I am fascinated by the current Build a Smarter Baby Brain trend, by the lengths to which parents feel compelled to go to give their progeny an edge. Frankly, this idea that there’s only one thing better than having a baby, and that’s having a smart baby, makes me almost unbearably sad. I have a smart baby. And I want to say: Be careful what you wish for. Henry tests in the 99th percentile for verbal ability; he knows more words than most children his age and can use them to form grammatically complex sentences and paragraphs. The doctor who tested him said, “It was amazing! I kept doing the test because I couldn’t believe how much and how perfectly he could remember!” When he comes across a new word, he will ask us to defi ne it, to use it in a sentence, and often to spell it for him. He will incorporate it into conversation.
One day last year, he went to school in a Spider-Man T-shirt. Another boy in his class had on a different Spider- Man T-shirt. Henry told his teacher, “Jack’s shirt has a picture of Spider- Man, but my shirt just has his logo.” He was right, but how many 4-yearolds know what a logo is? You want to know what we did to build his vocabulary, how we taught him to contextualize and utilize all those words. Flash cards? Computer games? Tutoring? Wait, just wait. Rote memory: Henry remembers everything. He can recite dialogue from movies, accurately, with proper inflection and, often, accent. He can recite entire picture books. He knows the words to every song on “In My Tribe” by 10,000 Maniacs. When he cannot hear clearly what the words are, he asks. And then he remembers them. He has excellent pitch, too, and a nice singing voice.
But what you don’t see is this: Henry has been diagnosed with a nonverbal learning disability. His verbal aptitude is remarkable, but his pragmatic language skills—his ability to understand tone of voice or facial gestures or even the simple conventions of conversation—are simply average.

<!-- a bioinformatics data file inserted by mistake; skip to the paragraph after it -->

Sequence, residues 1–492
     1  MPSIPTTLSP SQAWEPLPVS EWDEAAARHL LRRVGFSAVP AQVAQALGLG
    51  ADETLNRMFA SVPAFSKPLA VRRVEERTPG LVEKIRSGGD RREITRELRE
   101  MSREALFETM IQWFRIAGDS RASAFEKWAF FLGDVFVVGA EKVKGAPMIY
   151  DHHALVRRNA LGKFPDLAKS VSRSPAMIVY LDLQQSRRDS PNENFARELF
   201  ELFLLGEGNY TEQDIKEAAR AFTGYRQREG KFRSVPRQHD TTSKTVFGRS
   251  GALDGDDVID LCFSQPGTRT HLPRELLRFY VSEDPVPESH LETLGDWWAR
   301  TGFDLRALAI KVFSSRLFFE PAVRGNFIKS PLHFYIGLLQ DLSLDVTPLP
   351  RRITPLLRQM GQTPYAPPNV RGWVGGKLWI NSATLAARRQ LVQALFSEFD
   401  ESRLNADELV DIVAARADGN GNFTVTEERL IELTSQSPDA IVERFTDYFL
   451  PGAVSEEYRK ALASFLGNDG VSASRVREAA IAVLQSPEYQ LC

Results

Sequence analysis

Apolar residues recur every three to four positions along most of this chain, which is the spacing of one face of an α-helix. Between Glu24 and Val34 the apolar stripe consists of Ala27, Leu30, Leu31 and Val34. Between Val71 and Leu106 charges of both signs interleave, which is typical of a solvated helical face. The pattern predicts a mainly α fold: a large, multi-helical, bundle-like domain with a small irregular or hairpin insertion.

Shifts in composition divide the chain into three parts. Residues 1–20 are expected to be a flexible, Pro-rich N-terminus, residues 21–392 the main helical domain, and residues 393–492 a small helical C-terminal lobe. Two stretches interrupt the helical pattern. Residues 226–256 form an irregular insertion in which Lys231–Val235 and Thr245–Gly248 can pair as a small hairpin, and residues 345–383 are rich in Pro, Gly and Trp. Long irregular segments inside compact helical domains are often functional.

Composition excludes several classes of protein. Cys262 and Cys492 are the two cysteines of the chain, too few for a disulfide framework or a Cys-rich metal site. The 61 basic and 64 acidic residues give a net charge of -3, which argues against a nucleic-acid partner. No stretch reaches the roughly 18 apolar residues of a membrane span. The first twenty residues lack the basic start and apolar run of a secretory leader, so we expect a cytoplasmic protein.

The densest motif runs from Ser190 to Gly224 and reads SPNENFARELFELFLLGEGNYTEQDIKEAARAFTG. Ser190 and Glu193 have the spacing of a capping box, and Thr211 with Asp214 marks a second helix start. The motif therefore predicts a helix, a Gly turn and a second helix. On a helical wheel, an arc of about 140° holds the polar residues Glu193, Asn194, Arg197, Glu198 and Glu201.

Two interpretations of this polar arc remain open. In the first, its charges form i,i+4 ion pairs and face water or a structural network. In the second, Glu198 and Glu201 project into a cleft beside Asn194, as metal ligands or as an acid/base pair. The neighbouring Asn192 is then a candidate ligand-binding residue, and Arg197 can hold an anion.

He can wax eloquent about “Harry Potter and the Sorcerer’s Stone,” recounting the events of the plot in great and accurate detail, but he cannot tell you why Harry and Ron would take on a mountain troll to save Hermione. He does not understand how language is used to construct relationships; he cannot infer when someone is angry or amused or embarrassed.
Because of this, he struggles with basic social interactions. He becomes frustrated to the point of catastrophic tantrums.
“Why doesn’t Luke like superheroes?” he asked me this summer. “He just doesn’t,” I said. “But I do!” he said, clearly baffl ed. “And Luke is my best friend!” “OK,” I told him, “but Luke likes turkey sandwiches. Do you like turkey?’” “No,” he said. “Well,” I said, “different people like different things.”
He thought about this. “But why doesn’t Luke like superheroes?” he asked again. And we went on and on like this, all summer. When we tell people about Henry’s disability, the fi rst thing they say is, “But he’s so smart!” One friend said,
“But he will do fi ne in school, won’t he?” The answer is that he will and he won’t. Math may be a struggle for him, especially word problems. He will have trouble gleaning the meaning of what he reads, despite his ability to memorize the actual text. He will struggle with social skills. He may be teased. With tutoring and therapy, in the right school, he will do fi ne. But it will not be easy. I read about parents buying computers for their babies, hoping to give them a head start, to teach them letters and numbers and reading and counting before all the baby books say they should be doing those things.
I sometimes wonder if those parents have any idea that this smartness is a complicated gift, or that the real gift is to have a child who is healthy and happy and who knows that he is loved unconditionally.
What I want to say is this: Enjoy the way your child’s brain works. Play with her, talk to her, value who she is. Don’t try to reprogram her. Just love her.%uFFFD
Susan Wagner is a mother of two and the author of the blog Friday Playdate (fridayplaydate.com).%uFFFDThis essay first appeared in “Sleep Is For The Weak.”